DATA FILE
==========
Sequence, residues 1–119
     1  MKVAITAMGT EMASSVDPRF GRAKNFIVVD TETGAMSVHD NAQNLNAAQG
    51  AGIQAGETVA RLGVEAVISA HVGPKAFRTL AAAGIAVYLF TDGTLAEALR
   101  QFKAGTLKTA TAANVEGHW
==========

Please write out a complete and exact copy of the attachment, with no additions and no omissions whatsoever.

Sequence, residues 1–119
     1  MKVAITAMGT EMASSVDPRF GRAKNFIVVD TETGAMSVHD NAQNLNAAQG
    51  AGIQAGETVA RLGVEAVISA HVGPKAFRTL AAAGIAVYLF TDGTLAEALR
   101  QFKAGTLKTA TAANVEGHW